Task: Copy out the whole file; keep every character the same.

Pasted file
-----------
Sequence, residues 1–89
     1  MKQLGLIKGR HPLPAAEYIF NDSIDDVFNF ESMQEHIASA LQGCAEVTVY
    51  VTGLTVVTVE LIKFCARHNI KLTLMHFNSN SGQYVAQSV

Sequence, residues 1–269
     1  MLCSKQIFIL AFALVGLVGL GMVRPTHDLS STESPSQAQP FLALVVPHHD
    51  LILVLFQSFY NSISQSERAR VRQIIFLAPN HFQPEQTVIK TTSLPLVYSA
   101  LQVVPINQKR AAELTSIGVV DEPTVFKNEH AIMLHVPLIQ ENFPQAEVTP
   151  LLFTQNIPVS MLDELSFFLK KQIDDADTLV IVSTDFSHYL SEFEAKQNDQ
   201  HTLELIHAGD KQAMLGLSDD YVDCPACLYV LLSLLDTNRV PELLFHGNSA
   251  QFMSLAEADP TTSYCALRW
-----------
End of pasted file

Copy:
Sequence, residues 1–89
     1  MKQLGLIKGR HPLPAAEYIF NDSIDDVFNF ESMQEHIASA LQGCAEVTVY
    51  VTGLTVVTVE LIKFCARHNI KLTLMHFNSN SGQYVAQSV

Sequence, residues 1–269
     1  MLCSKQIFIL AFALVGLVGL GMVRPTHDLS STESPSQAQP FLALVVPHHD
    51  LILVLFQSFY NSISQSERAR VRQIIFLAPN HFQPEQTVIK TTSLPLVYSA
   101  LQVVPINQKR AAELTSIGVV DEPTVFKNEH AIMLHVPLIQ ENFPQAEVTP
   151  LLFTQNIPVS MLDELSFFLK KQIDDADTLV IVSTDFSHYL SEFEAKQNDQ
   201  HTLELIHAGD KQAMLGLSDD YVDCPACLYV LLSLLDTNRV PELLFHGNSA
   251  QFMSLAEADP TTSYCALRW